York & North Yorkshire

Rievaulx Abbey rediscovers Victorian 'virtual reality'

Rievaulx Abbey Image copyright Dr Brian May/PA
Image caption The slides helped the ruined Rievaulx Abbey become a Victorian tourist spot

A Victorian version of virtual reality has been brought to life by historical photographs of a ruined abbey.

Rievaulx Abbey, in North Yorkshire, is exhibiting the collection of late 19th and early 20th Century slides, which create a 3D effect when viewed.

Dr Brian May, the Queen guitarist, co-owns a company that has made a modern stereoscope viewer, a binocular-like apparatus, to look at the slides.

It allows people to see them as Victorians would have seen them.

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Stereogram slides were invented in the mid-1800s and create the 3D effect when viewed through the stereoscope.

Image copyright Dr Brian May/PA
Image caption The Victorian visitors were fond of romantic ruins
Image copyright English Heritage/PA
Image caption The pictures show the abbey almost overtaken with nature
Image copyright English Heritage/PA
Image caption Rievaulx was founded in the 12th Century but destroyed in 1538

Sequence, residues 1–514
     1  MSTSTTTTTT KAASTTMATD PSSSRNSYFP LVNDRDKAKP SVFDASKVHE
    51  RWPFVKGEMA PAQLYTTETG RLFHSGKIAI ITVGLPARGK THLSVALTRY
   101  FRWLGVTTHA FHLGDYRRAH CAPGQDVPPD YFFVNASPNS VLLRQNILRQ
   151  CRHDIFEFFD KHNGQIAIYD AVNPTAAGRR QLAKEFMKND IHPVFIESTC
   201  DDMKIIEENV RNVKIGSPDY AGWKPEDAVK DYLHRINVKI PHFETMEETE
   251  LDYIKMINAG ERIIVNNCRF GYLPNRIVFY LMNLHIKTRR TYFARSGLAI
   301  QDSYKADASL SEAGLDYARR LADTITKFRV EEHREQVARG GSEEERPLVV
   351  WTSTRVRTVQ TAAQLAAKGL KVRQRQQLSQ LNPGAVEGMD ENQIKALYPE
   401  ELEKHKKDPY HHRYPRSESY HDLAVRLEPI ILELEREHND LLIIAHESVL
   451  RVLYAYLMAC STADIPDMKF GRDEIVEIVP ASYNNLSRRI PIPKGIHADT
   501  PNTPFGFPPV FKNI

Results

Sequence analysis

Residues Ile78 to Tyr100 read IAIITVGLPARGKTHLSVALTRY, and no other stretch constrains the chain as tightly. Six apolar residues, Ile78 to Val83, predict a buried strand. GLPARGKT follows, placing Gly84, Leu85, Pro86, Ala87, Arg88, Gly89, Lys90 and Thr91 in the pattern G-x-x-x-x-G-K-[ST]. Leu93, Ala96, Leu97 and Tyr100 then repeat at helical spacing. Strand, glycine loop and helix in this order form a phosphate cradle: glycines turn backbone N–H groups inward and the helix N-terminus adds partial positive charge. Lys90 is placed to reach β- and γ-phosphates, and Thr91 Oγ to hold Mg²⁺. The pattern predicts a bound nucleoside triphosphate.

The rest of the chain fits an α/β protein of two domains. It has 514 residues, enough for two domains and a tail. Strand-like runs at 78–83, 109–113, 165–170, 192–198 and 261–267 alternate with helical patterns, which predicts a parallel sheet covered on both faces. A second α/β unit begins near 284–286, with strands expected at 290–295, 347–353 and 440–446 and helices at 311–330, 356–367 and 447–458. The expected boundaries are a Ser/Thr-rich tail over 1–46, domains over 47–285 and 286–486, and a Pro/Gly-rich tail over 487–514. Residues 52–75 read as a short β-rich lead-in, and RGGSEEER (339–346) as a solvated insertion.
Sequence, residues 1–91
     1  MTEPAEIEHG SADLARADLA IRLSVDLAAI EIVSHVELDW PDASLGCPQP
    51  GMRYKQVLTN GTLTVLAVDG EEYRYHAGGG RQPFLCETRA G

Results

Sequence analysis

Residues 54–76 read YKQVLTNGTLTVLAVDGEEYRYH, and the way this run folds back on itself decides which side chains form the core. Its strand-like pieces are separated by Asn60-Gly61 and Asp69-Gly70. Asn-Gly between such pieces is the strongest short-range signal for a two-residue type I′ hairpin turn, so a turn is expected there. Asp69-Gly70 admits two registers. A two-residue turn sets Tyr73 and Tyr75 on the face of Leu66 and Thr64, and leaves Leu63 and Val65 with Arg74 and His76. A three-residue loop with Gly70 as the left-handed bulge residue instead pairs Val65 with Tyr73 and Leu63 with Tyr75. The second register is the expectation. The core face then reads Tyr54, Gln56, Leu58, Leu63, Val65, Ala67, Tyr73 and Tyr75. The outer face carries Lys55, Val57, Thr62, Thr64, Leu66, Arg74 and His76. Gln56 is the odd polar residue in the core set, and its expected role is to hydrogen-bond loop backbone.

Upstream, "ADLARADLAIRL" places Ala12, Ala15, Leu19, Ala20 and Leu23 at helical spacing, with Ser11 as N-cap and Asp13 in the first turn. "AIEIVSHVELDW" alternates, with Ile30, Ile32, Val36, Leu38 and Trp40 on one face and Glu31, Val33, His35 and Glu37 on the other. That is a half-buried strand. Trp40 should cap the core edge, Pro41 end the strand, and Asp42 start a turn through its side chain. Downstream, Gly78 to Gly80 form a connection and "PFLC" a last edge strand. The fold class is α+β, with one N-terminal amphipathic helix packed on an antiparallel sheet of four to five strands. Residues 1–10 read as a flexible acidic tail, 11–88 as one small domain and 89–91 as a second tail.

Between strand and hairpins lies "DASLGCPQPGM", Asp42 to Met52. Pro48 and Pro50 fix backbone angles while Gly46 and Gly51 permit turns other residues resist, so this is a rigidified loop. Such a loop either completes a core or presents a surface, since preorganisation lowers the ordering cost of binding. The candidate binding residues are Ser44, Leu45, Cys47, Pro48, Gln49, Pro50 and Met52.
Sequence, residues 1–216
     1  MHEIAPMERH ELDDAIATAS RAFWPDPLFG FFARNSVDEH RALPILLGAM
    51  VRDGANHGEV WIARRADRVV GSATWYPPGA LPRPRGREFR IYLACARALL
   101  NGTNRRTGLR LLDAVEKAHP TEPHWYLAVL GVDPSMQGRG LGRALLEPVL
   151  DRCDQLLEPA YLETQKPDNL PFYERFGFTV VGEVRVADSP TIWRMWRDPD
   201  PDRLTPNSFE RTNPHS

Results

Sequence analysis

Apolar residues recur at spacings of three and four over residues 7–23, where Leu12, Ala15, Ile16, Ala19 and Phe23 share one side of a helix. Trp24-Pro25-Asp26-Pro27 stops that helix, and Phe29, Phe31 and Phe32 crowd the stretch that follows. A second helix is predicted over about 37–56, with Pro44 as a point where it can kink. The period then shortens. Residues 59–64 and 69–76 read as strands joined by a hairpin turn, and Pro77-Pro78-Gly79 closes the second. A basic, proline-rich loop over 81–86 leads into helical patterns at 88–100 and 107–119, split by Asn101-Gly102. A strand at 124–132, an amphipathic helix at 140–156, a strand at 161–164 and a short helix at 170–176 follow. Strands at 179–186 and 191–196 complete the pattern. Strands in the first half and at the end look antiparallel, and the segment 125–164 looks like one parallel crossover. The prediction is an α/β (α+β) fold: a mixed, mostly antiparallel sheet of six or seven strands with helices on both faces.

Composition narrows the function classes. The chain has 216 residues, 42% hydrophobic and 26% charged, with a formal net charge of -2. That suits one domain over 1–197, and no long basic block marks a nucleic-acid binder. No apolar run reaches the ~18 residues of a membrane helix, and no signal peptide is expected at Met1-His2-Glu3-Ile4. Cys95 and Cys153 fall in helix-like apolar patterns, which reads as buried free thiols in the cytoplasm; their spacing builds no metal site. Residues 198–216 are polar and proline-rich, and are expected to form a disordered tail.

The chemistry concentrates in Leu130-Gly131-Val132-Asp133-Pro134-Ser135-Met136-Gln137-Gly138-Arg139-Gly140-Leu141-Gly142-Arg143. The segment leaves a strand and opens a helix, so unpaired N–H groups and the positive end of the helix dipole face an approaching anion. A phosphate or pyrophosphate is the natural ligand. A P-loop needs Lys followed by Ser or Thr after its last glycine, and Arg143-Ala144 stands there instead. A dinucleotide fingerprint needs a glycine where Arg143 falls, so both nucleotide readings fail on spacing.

The slides show the abbey overtaken by nature, as a pasture for sheep and often include pictures of visitors to the ruins.

The London Stereoscope Company has created the modern stereoscope to view the abbey as it was seen.

"3D was photography that gave you a feeling of reality, rather than just a flat rendition on a piece of paper," Dr May said.

Rievaulx Abbey was one of the first Cistercian abbeys to be founded in England about 1130.

Image copyright PA
Image caption Dr Brian May, the Queen guitarist, has a long interest in stereoscopic photography
Image copyright PA
Image caption Rievaulx Abbey "was a place of huge spiritual significance", said English Heritage

Dr Michael Carter, of English Heritage, has called the abbey "one of the most important abbeys in England and the setting one of the most beautiful".

It was destroyed by the royal command of Henry VIII in 1538 as part of the dissolution of the monasteries.

Its walls became overgrown and monastic buildings vanished under soil and rubble. It was taken into state care 100 years ago and is now run by English Heritage and attracts more than 55,000 visitors annually.

Image copyright Dr Brian May/PA
Image caption The abbey is celebrating 100 years in the care of the state

The Rievaulx: Reviewed exhibition contains images from the 1870s up to the 1930s and is open until 5 November.

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